In 2012, when voters in Colorado and Washington legalized recreational marijuana sales, lawmakers and regulators were concerned about how legalization would impact public health and safety and how to ensure adequate control over the tracking, production and sale of legal products. But there was little done to ensure the opportunities legalization created would be distributed equitably.
The growth of the legal cannabis industry has brought increased acknowledgement that the benefits and financial profits of legalization are not flowing to the communities that have been disproportionately harmed by the War on Drugs. The industry and government officials are increasingly facing calls to create social equity programs to address past harms by providing access to the commercial industry and an environment where disadvantaged individuals can thrive in a highly regulated and competitive market.
Social equity programs seek to promote equitable ownership and employment opportunities in the cannabis industry in order to decrease disparities for marginalized individuals and communities. In March 2019, the National Cannabis Industry Association released a comprehensive report and succinctly articulated six key goals of social equity programs: repair the damage to individuals caused by discriminatory enforcement of prohibition; create more equitable licensing outcomes through the application process; ensure the industry reflects the local community; address financial barriers to market entry; support companies and individuals entering the industry from disproportionately impacted communities; and invest tax revenue in communities harmed by prohibition.
The more successful social equity programs will consider the factors that restrict accessibility and include educational services, incubator programs, favorable zoning regulations and license allocation, as well as government responsiveness and community reinvestment. Accessibility encompasses components that affect the ease with which social equity applicants can learn about and access a given program, while a support structure for social equity applicants and after-license resources help their companies to thrive.
States are struggling to develop programs that address a wide range of issues and needs. Fortunately, the landscape has changed significantly in just a few short years. On the recreational side of the industry, every new state, except Maine, has included a social equity initiative. Some medical states, including Missouri, are still working through the specifics of their respective regulations, so a social equity provision may still be added. Inadequate measures to address social equity, among other reasons, caused adult-use legalization bills to stall in the New Jersey and New York legislatures. Michigan, Pennsylvania and Ohio all provide incentives for minority inclusion.
In Illinois, the first state to legalize recreational marijuana sales via the Legislature, lawmakers passed one of the most progressive marijuana business licensing frameworks in the country, including a comprehensive social equity plan that has merit.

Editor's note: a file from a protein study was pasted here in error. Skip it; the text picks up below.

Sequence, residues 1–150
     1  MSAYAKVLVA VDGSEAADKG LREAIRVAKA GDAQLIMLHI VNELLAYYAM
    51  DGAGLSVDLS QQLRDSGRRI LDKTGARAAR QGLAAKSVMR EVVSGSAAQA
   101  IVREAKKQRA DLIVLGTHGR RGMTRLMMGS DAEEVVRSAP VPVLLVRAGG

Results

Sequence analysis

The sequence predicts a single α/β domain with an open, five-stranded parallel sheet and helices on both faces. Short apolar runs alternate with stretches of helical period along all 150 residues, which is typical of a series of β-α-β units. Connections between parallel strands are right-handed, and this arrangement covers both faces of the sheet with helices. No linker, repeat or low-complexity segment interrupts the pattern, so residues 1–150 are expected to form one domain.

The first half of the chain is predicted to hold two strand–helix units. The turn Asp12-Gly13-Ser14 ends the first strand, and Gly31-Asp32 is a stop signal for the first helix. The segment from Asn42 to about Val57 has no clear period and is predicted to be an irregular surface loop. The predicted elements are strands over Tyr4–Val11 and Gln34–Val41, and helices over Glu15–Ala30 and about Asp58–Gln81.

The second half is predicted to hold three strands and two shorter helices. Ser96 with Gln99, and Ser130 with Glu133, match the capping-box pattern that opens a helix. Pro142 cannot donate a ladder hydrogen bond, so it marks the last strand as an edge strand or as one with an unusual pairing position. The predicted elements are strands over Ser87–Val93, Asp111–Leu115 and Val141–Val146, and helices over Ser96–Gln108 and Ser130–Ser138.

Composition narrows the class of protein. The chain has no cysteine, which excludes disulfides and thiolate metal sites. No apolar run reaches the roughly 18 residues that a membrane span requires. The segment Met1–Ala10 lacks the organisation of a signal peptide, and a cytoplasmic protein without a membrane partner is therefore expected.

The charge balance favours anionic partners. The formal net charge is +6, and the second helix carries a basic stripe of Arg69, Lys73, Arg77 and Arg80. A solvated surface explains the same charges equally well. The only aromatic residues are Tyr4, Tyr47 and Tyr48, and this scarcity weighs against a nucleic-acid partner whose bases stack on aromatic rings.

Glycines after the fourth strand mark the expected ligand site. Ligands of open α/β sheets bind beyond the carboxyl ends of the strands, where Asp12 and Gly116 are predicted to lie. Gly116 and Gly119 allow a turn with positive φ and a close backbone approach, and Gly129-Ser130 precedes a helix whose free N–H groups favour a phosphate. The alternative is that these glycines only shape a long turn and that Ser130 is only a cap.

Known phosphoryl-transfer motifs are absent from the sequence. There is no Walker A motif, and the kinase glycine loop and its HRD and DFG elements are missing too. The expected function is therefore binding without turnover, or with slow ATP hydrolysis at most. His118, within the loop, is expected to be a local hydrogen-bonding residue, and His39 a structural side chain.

Many advocates favor instituting programs that prioritize a one-for-one approach, in which applicants from impacted communities receive licenses in a one-for-one ratio with all other applicants. A social equity applicant would be defined by a combination of criteria, including geography, impacted person status, income level and other factors, but not so stringent that hardly anyone qualifies.
Bringing cannabis above ground is an incredibly complex process, and California is doing it on an unprecedented scale. To date, California’s program is pushing forward with Oakland, San Francisco and Los Angeles leading the way for implementation. Los Angeles has complied with its commitments to the social equity program and its own deadlines. During a recent application window, qualified applicants submitted all the required paperwork and are now eagerly awaiting the results of the first-in, first-served rush for the initial round of 100 allocated retail licenses.
The biggest struggle is resources. In an industry where companies need significant startup capital, how are social equity applicants to compete, and what is a state or a city obligated to provide in order to make the access realistic? The list of needs for a cannabis startup is long and runs from legal advice to protect the participants’ interest to operating capital for building improvement, rent, buying product and enough cash flow to support the months until the operation stabilizes. Any viable social equity program should include loan and banking assistance, mentorship support, publicly funded incubators and accelerators, prioritize licenses, workforce placement programs and community outreach.
Time will tell if the efforts to right past wrongs are successful.
Anne van Leynseele is a cannabis and hemp regulatory and deal attorney, often working across sovereign borders. She advises multi-state and multi-national cannabis clients on governance, compliance, licensing, acquisition, asset management, and import/export matters. Prior to joining Zuber Lawler, she spent four years as a federal attorney advisor in Washington, D.C. She is a summa cum laude graduate of the University of Washington and a cum laude graduate of the University of Seattle School of Law. She can be reached at firstname.lastname@example.org.